Mitt Romney spars with Vietnam vet over gay marriage
New Hampshire voters pride themselves on vetting and testing their candidates, and Vietnam veteran Bob Garon waited for more than two hours at a Manchester diner Monday to get Mitt Romney’s views on the proposed repeal of New Hampshire’s law permitting gay marriage.
“I judge most people by their eyes, as I think most Americans do,” Garon said a few minutes before Romney sidled over to his booth inside Chez Vachon, a popular breakfast spot known for its crepes and pork pies. What he saw at the diner, before they even spoke, did not impress. Garon was put off by Romney’s manner -- namely that he had done a series of television interviews before greeting patrons.
Eventually Garon, who is 63 and married to a man, got his chance for a one-on-one exchange. Noticing Garon’s black Vietnam veteran cap, Romney sat down beside him and tried to strike up a conversation about his military service as reporters and cameramen crowded around the booth.
“I’ve have a question for you,” Garon said, cutting off the former Massachusetts governor’s attempt at chitchat. “New Hampshire has some legislation kicking around about the repeal of same-sex marriage [law].… All I need is a yes or a no.”
Romney crisply told Garon that because of his view that “marriage is between a man and woman,” he supported efforts to repeal the law.
“Mmmm-hmm, OK, that means that if you’re in the White House, you will not support any form of legislation that would change that so that servicemen will be entitled to benefits like a man and a woman?” Garon asked. “If two men get married, apparently a veteran’s spouse would not be entitled to any burial benefits or medical benefits or anything that the serviceman, [who] has devoted his time and effort to his country, [gets]. You just don’t support equality in terms of same-sex marriage?”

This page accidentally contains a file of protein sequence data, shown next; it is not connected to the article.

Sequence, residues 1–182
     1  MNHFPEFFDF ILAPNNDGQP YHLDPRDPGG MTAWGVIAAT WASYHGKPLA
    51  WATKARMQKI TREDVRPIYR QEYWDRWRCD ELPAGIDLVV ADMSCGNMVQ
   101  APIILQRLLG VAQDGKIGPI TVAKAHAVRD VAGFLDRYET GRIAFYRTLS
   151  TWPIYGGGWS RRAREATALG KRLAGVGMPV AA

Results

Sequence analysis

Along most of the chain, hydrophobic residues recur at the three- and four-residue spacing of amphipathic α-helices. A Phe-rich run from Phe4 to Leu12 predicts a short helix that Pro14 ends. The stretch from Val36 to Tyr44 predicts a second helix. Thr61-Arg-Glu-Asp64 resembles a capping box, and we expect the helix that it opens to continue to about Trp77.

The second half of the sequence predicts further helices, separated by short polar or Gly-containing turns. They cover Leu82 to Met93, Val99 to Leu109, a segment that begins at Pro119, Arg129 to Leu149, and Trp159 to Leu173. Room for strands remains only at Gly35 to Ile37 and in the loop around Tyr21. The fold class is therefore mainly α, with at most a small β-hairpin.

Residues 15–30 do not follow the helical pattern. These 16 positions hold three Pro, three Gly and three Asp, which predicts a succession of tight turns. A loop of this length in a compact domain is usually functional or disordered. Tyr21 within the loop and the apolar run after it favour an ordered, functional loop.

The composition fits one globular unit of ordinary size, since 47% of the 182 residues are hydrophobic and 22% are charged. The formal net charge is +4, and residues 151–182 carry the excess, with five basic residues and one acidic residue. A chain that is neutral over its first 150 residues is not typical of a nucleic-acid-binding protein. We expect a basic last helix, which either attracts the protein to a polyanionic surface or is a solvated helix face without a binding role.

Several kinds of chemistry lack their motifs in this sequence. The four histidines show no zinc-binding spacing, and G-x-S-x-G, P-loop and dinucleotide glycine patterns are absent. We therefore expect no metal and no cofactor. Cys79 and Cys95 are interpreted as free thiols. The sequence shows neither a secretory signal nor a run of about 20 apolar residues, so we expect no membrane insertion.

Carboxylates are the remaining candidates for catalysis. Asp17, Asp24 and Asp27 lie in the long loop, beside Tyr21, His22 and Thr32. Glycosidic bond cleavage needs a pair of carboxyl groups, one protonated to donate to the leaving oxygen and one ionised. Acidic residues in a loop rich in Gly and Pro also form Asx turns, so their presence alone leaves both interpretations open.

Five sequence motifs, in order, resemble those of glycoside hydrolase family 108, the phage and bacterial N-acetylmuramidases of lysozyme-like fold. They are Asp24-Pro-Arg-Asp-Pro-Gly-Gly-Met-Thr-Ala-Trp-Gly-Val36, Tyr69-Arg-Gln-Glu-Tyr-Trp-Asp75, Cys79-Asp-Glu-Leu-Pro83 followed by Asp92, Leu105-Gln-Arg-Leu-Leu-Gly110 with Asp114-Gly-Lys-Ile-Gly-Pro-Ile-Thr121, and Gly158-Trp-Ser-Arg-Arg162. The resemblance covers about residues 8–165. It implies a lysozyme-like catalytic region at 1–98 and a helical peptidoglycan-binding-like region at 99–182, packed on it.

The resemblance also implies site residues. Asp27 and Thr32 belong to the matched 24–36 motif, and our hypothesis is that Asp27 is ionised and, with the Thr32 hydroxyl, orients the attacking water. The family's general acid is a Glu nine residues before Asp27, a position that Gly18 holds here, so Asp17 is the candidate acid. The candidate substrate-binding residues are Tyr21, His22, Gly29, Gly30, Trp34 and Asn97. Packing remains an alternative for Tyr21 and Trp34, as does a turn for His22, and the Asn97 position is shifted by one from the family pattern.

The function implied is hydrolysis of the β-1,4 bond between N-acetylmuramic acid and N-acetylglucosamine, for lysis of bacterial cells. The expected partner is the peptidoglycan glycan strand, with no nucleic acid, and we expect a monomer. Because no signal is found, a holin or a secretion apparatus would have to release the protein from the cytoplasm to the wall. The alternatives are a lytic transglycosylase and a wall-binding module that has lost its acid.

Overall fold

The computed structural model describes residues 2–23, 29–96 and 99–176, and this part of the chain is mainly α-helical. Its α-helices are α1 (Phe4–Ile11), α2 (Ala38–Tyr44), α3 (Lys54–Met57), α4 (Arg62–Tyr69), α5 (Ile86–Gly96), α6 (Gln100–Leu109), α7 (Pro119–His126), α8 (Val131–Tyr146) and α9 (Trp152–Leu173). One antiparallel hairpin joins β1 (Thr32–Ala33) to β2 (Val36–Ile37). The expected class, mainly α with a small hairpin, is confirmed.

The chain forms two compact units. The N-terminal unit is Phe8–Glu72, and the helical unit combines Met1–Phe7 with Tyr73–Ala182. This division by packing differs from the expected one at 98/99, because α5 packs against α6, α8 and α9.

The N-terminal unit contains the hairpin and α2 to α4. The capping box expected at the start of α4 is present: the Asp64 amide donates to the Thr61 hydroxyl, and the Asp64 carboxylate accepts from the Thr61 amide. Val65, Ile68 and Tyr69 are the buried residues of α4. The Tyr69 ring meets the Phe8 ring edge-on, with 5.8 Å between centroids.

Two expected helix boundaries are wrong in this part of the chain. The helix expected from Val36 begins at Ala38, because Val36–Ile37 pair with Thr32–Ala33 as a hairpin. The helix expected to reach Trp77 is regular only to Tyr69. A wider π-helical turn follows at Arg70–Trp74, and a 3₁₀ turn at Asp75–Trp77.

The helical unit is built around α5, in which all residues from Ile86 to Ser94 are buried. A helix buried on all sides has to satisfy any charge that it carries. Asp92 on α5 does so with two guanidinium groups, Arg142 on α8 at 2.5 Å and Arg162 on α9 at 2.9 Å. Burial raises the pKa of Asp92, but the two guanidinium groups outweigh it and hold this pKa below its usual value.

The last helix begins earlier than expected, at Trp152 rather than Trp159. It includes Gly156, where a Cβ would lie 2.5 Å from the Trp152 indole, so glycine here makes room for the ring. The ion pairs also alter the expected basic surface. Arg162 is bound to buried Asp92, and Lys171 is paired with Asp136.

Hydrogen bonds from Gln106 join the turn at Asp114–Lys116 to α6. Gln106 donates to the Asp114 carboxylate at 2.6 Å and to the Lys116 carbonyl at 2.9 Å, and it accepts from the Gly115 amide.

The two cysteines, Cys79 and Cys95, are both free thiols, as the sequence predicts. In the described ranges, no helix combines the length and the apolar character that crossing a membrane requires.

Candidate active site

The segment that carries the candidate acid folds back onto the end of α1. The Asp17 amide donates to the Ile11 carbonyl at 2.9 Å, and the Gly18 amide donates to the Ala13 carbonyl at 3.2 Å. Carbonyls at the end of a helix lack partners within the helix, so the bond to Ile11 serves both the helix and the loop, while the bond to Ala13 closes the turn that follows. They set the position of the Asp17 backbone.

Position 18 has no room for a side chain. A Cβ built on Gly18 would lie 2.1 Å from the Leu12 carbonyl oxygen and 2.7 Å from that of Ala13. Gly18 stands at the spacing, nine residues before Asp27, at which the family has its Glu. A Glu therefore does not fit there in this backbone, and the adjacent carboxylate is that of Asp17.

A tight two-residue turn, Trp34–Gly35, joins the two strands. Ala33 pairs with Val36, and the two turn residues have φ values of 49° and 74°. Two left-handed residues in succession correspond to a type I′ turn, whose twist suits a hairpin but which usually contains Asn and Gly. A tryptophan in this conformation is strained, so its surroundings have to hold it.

“I believe marriage is a relationship between a man and a woman,” Romney repeated firmly as the two sat a few inches apart in the booth. “The Defense of Marriage Act that exists in Washington today defines benefits, whether for veterans or nonveterans, as between married spouses and for me, that’s a man and a woman. And we apparently disagree on that.”
“It’s good to know,” Garon told Romney, “that you do not believe everyone is entitled to their constitutional rights.”
“Well, no,” Romney replied as the two began to talk over each other. “I think at the time the Constitution was written it was pretty clear that marriage is between a man and a woman and I don’t believe the Supreme Court has changed that.”
“Governor,” an aide interrupted, “we’ve got to get on with Fox News right now.”
“I guess the question was too hot,” Garon said to the candidate.
“No,” Romney replied, “I gave you the answer. You said you had a yes or no [question]; I gave you the answer.”
As the two parted, the veteran wished the former governor luck and Romney offered his thanks. But Garon, an independent who leans toward Democrats, told reporters that Romney would never be his commander in chief and that he was offended by his answer: “He doesn’t even open the door to a conversation; it’s just a boom,” Garon said, clapping his hands together for emphasis.
“I went and I fought for my country. I did my thing,” said Garon, who served in the Army in the mid-1960s. “I think my spouse should be entitled to the same entitlements that [I’d have] if I was married to a woman. What the hell is the difference?”
“At least [President] Obama will entertain the idea,” he said. “This man is ‘No way Jose.’ Well, take your ‘No way Jose’ back to Massachusetts.”
After his exchange with Romney, Garon said the only Republican candidate that he’d consider supporting is Ron Paul, but that his “age is a little on the rickety side” making it difficult for him to get elected.
As for Romney: “The guy ain’t gonna make it,” Garon said. “You can’t trust him. I just saw it in his eyes.”
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